Sideman Jamboree Main StageNow it was Sideman Jamboree #32, and I was back with a film crew making a documentary film about this very special gathering. I was standing here trying to persuade Lon to read his poem in front of a crowd and to let us film it.

Lon wrote his first poem in 1998. Poetry was a mostly secret passion of his. Secret, he told me, because his brother was equally passionate about writing poems. The problem is, Lon is the one with the natural talent, yet he never wanted to outshine his brother, so his poem-writing became a clandestine operation. He stopped writing altogether when their mother passed away in 2008 of a staph infection. Lon’s eyes welled with tears when he told me this.

“Poetry is who I am,” he said, with a stutter. “But I let that passion die along with my mother.”

I looked at him and realized how much this man symbolized for me. One of my biggest takeaways during my time on the road was from a conversation I had with an Alabama cowboy who told me that the most important ingredient for a happy life is to be true to oneself. When I first arrived at Sideman Jamboree in 2011, I was just learning that the secret to finding shama is to live with the cowgirl spirit–to embrace life with a sense of adventure and always be authentically me. Five years later, I have practiced this cowgirl nugget of wisdom on a daily basis. It’s not always easy, in fact at times it is downright challenging, but the incandescent joy that comes with each act of being true to myself has proven to me that the Alabama cowboy was right.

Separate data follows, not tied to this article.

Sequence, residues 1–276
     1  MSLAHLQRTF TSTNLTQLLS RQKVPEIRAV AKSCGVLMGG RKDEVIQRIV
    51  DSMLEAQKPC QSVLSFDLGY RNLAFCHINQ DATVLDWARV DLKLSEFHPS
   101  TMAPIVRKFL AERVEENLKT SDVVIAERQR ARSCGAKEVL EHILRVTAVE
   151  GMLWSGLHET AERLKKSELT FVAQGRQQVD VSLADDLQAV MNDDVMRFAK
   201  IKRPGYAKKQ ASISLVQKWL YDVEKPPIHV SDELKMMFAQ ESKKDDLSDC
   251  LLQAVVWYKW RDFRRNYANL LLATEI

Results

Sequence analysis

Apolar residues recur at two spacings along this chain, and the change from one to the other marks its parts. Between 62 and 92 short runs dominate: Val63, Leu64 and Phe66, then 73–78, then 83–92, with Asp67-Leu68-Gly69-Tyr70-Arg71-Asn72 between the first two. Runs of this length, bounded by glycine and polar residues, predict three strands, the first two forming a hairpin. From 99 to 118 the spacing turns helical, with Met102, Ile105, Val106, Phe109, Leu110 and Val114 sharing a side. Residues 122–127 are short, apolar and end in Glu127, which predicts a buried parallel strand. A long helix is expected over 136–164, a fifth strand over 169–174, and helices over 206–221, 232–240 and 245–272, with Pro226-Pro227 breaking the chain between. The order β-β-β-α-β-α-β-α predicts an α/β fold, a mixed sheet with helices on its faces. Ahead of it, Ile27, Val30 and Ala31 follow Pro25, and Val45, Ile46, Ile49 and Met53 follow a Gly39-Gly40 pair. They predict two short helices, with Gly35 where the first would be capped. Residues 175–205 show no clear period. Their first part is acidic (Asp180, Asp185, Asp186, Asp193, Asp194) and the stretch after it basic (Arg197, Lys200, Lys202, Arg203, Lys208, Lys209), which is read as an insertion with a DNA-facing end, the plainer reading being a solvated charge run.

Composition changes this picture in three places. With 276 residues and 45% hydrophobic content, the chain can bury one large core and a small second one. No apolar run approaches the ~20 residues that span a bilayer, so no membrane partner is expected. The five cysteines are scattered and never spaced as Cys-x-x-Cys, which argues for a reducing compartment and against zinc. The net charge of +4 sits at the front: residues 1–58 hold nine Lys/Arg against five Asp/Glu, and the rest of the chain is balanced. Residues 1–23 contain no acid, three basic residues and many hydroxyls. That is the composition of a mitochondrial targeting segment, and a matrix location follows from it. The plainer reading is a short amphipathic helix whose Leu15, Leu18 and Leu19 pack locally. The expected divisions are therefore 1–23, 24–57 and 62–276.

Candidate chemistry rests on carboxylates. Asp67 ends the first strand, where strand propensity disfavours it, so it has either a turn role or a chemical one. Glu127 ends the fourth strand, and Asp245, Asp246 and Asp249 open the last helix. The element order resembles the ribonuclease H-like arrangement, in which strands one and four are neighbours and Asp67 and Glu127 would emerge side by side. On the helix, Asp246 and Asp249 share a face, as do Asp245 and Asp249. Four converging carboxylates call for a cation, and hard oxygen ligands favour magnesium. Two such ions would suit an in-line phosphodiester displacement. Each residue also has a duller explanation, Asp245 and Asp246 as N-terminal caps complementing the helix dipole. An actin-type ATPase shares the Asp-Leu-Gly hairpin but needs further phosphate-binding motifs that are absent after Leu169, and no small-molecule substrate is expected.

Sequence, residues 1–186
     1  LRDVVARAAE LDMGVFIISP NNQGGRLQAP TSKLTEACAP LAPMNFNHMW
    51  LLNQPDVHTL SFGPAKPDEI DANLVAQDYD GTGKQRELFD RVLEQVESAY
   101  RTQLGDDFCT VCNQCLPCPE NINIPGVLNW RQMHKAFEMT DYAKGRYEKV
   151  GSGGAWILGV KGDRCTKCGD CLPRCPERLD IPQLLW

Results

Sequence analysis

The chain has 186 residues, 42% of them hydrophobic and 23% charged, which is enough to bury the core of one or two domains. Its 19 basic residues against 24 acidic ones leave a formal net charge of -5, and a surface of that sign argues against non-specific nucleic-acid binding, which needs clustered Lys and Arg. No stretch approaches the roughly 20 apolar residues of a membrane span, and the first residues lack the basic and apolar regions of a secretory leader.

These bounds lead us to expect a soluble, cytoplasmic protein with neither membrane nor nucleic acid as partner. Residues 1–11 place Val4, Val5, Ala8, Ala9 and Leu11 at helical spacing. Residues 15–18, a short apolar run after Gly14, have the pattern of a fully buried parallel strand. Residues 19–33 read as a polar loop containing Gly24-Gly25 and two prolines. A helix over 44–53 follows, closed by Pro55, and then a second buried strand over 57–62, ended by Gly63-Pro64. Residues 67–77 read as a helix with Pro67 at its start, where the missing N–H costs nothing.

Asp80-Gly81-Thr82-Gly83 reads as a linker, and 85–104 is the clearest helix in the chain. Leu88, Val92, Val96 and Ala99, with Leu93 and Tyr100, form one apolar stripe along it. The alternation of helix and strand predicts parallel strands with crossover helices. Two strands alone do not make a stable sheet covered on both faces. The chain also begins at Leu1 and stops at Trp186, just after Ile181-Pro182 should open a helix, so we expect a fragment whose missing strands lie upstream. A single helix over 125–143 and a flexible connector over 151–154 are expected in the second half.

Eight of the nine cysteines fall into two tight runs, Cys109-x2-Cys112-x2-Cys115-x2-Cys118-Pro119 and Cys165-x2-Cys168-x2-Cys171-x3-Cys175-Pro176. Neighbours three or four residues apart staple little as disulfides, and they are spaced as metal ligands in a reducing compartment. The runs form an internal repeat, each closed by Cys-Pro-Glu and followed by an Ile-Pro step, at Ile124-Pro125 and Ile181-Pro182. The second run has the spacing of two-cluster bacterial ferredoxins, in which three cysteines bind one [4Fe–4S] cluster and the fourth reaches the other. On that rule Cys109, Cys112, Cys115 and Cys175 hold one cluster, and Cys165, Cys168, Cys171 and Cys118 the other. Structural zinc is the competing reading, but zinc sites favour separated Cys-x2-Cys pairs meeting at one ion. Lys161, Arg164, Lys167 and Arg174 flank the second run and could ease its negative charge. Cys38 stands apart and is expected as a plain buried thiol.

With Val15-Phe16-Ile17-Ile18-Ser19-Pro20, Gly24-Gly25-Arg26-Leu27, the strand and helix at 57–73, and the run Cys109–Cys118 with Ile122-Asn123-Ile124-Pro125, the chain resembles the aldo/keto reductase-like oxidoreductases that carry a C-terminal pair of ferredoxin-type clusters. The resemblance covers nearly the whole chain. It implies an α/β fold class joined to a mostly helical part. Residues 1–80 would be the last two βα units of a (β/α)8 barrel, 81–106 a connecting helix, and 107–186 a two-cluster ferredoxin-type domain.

“Maybe it’s time for you to kick up your spurs and start living again,” I said to Lon. “Stop keeping your passion a secret.”

He smiled, making his perfectly coiffed handlebar mustache curl slightly upwards. It was clear from the twinkle in his eyes that the cowboy spirit was beginning to spin its magic.

He took a deep breath, and then bravely declared, “I’ll read two poems.”

Sideman Jamboree takes place each February, and musicians and non-musicians alike are welcome. Getting There: From I-10, exit #366 (near Bowie, Arizona). The Alaskan RV Park is on the south side of interstate.

This article also appeared on The Huffington Post: A Cowboy Poet Gets Real At Sideman Jamboree